Let the Sounds of Nature Prevail

Standard

La Sal mountains near Moab, Utah

We hadn’t been awake long when The Lady of the House pulled back the curtain between the van’s front seats and the living area and looked out the windshield. She reported a dog running around between my van and the camp next door. As far as she could tell, the dog was not accompanied by a human.

The Lady and I were on an epic road trip in Arizona and Utah. We’d spent the night in a free BLM camping area on Willow Springs Road northwest of Moab. We were going to the Island in the Sky District of Canyonlands National Park that morning, and we were up early in hopes of arriving in time to get a site in the Park’s Willow Flat Campground. When we spilled out of the van, we found chilly air and frost on the table we’d set up the night before, but we were not deterred. We were determined to get on the road as soon as possible.

As we prepared our simple breakfast (oatmeal for The Lady and eggs and cheese on a flour tortilla for me), the dog The Lady had seen earlier continued to run around unattended. It tried to come into our camp, but I shooed it away, telling it to Go home! It finally settled down next to the small SUV parked across the road from us.

While we ate, a young woman emerged from the tent pitched a short distance beyond the small SUV. From the way she reacted to the dog, we could tell they were traveling companions.

The young woman bustled around her vehicle, opening and closing doors, but I didn’t really pay much attention to her until she reached into the vehicle and turned on its radio. A dreadful slow jam destroyed the morning quiet.

Granted, it was past the customary 6am cutoff for quiet time on public land, and the young woman was not blasting the tunes. However, The Lady and I could clearly hear the music across the road in our camp, which means to me the music was too loud. I would have probably been more forgiving if it had been afternoon, but the music was destroying the morning peace. I might not have minded as much had the songs I was subjected to been some that I liked, but the music the stranger enjoyed was grating noise to my ears. However, even if she had been playing the Grateful Dead, I still would have thought the music was being played too loudly and too early for public land.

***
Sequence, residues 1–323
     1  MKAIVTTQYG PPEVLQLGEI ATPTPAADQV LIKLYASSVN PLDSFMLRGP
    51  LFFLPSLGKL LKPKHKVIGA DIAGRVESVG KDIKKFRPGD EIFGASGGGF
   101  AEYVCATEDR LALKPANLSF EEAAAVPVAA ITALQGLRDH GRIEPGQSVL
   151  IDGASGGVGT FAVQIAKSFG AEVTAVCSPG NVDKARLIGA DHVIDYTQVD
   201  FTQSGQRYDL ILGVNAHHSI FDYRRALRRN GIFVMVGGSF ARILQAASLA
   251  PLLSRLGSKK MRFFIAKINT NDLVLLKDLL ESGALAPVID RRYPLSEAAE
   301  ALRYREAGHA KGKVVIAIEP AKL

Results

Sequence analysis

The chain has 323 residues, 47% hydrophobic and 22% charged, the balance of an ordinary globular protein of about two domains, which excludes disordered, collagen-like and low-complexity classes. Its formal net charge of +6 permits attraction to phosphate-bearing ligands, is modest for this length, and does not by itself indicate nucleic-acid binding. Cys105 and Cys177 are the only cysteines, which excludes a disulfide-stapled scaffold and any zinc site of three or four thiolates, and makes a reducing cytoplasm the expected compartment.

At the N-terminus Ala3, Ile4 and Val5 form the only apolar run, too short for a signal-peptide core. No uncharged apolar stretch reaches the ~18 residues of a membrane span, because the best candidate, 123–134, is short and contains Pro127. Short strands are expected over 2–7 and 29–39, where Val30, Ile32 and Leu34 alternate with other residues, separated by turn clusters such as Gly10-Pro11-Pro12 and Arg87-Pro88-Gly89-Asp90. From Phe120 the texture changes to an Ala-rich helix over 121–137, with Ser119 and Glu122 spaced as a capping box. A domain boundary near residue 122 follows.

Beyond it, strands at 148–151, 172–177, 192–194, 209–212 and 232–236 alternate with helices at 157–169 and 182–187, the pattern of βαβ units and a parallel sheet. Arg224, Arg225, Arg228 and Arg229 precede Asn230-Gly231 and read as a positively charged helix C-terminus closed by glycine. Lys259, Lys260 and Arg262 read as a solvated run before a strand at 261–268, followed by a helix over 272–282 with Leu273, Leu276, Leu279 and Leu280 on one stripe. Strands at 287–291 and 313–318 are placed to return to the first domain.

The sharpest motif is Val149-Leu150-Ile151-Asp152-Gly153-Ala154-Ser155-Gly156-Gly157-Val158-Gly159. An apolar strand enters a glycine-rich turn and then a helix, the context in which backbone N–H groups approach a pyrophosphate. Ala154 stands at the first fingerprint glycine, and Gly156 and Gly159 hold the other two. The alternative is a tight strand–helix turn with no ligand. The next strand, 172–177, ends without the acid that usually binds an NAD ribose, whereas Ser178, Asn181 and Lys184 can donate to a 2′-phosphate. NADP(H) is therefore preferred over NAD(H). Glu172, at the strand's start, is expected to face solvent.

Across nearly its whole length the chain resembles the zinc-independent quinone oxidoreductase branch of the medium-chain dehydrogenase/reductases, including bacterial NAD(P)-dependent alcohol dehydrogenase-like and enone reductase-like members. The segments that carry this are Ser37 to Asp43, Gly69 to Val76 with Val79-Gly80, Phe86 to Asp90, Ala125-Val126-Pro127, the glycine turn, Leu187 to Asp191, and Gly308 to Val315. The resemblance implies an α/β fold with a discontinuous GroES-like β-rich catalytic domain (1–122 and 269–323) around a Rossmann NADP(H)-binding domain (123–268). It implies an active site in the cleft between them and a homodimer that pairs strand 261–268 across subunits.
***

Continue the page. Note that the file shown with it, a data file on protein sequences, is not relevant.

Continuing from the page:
I once read a publication from the Forest Service that said people on public land should “let the sounds of nature prevail.” That mandate has stuck with me. People are ostensibly out in nature because they want to enjoy nature. When I’m out in nature, I want to enjoy silence or, at most, some energetic bird song. I do not venture into nature to listen to over-produced radio music.

I didn’t say anything to the young woman. I didn’t walk over to her camp to let her know her music was bothering me or suggest she find a portable device and earbuds. The Lady and I were leaving once we cleaned up from breakfast after all. I just gritted my teeth while we packed up and hoped we’d find more considerate neighbors in the National Park.

I took the photo in this post.

4 Responses »

  1. I feel your pain Blaize. Last week we camped for a few days at Las Vegas Bay Campground, one of the small campgrounds in Lake Mead National Recreation Area. Our neighbor played his music just a little too loud all day. When we finally went inside for the day Tony said to me ” You’d never think classical music could be so annoying” but it really was annoying. I wish everyone followed the simple rules of common courtesy and good behavior when camping. The dog running loose was a clue about the young woman’s unawareness or just plain disregard of these things.

  2. Unfortunately people behave this way all over it. While taking a train in to the city or on an airplane, seem to have no respect for others. Last month I was waiting in DMV and some guy was watching videos on his phone with the music turned way up. Like going to DMV is no annoying enough without having to listen to that crap. But out in the wild sounds really do carry.

    • Tina, you make a good point about sound carrying. When I was a camp host, I often noticed that city people were so loud. I eventually realized that they didn’t understand that out in nature, sound carries a lot farther than in does in the city. I guess in the city there’s a lot to stop and muffle sound. Also, in the city, people live on top of each other, so I think they grow accustomed to hearing each other’s noise. They are probably pretty good at tuning that noise out.

I'd love to know what you think. Please leave a reply